Areas: 1. School governance; 3. Support to learners; 4. Parental involvement; 5. Stakeholders involvement

Subareas: 1.1. School culture and climate; 3.1. Well-being of learners; 4.2. Parents' involvement in school governance

Language: EN

Country: Belgium; Croatia; Denmark; Greece; Romania; United Kingdom

Feel Well, Learn Better - ABMA program in France

The 'Feel Well, Learn Better (Aller bien pour mieux comprendre - ABMA)' measure builds on the consideration given to pupils' overall health to improve the school environment and school achievement, thus reducing health inequalities. It promotes harmonious interactions and well-being among pupils and staff. This is a pilot programme that will run for 3 years until 2016, under the Lyon Education Authority, in partnership with the National Institute for Prevention and Health Education.

Areas: 3. Support to learners; 5. Stakeholders involvement

Subareas: 3.1. Well-being of learners; 5.1. Multidisciplinary teams

Language: EN

Country: France

Godalen and Thor Heyerdahl Upper Secondary Schools in Norway

In order to prevent drop-out, the Godalen and Thor Heyerdahl Upper Secondary Schools in Norway have focused on improving and strengthening their school leadership strategies. The schools have established a range of measures to support teachers and young people alike.

Areas: 1. School governance; 2. Teachers; 3. Support to learners; 5. Stakeholders involvement

Subareas: 1.3. School management; 2.2. Teachers and their relationships with pupils and parents; 3.3. Career guidance and support; 3.4. Curriculum and learning paths; 3.5. Learning and assessment; 5.2. Stakeholders' networks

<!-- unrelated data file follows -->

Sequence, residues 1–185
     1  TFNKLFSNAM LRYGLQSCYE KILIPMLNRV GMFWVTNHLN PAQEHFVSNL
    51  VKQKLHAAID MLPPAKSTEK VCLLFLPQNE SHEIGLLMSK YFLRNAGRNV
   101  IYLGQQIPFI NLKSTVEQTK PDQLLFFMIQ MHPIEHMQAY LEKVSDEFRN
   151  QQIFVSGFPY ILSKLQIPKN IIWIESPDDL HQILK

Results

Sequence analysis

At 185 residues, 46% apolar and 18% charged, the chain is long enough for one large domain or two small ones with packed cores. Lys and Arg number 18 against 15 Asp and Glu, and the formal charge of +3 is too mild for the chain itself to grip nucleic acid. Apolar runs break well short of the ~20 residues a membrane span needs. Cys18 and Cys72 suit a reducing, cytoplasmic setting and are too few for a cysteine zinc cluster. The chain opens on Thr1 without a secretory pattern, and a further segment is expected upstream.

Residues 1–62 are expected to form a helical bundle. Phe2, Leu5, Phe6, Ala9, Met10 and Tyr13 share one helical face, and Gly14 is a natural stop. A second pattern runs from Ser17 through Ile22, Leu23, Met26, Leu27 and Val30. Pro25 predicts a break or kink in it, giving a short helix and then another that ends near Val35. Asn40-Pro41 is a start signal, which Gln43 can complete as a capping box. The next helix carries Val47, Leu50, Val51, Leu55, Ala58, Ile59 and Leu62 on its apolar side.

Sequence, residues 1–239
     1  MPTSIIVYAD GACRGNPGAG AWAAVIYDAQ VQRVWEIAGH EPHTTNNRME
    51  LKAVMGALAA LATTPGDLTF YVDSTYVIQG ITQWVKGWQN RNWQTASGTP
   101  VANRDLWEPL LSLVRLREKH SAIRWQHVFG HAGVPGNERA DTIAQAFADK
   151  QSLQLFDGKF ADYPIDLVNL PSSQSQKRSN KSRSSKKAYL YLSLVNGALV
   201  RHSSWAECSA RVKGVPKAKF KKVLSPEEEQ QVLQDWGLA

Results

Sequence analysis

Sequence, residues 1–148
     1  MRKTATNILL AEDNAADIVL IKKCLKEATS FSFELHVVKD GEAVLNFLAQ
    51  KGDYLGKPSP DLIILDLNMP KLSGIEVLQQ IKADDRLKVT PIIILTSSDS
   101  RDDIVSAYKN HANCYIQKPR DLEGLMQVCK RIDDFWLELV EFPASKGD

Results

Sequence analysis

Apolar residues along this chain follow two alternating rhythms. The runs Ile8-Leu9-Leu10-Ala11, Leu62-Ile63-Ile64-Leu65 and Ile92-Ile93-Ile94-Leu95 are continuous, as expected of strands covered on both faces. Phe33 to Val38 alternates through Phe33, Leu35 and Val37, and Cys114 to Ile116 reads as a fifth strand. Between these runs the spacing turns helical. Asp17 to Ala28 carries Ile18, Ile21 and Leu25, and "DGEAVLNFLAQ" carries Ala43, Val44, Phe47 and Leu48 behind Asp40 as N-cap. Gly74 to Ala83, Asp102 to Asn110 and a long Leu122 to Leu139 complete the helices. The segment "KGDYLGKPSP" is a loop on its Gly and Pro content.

Language: EN

Country: Norway

Health and Citizenship Education Committee (CESC) in France

The Health and Citizenship Education Committee involves all members of the educational community and the local partners of the primary or secondary school (local government, police, justice and associations). Chaired by the school head, the committee is active in citizenship education, drawing up the plan for the prevention of violence, proposing initiatives to support parents in difficult situations and combating social exclusion, defining a health and sex education programme aimed at promoting safe behaviour. The CESC brings together a variety of measures, with the aim of preparing pupils to act and to live together, with respect for equality between women and men and to make choices and exercise their citizenship rights.

Areas: 3. Support to learners; 5. Stakeholders involvement

Subareas: 3.1. Well-being of learners; 5.2. Stakeholders' networks

Language: EN

Country: France

Home School Community Liaison Scheme

It is clear from the Irish experience that educational initiatives based in schools can raise the educational level of the adults involved, and result in a general sense of empowerment in the local community. Parental involvement, especially in areas of socio-economic deprivation, does not just benefit the children and the school - it is a crucial aspect of lifelong learning.? (Parents as Partners in Schooling, OECD 1997)

Areas: 1. School governance; 2. Teachers; 4. Parental involvement; 5. Stakeholders involvement

Subareas: 1.3. School management; 2.1. Teacher skills and competences; 2.2. Teachers and their relationships with pupils and parents; 4.1. Communication and information; 5.1. Multidisciplinary teams

Language: EN

Country: Ireland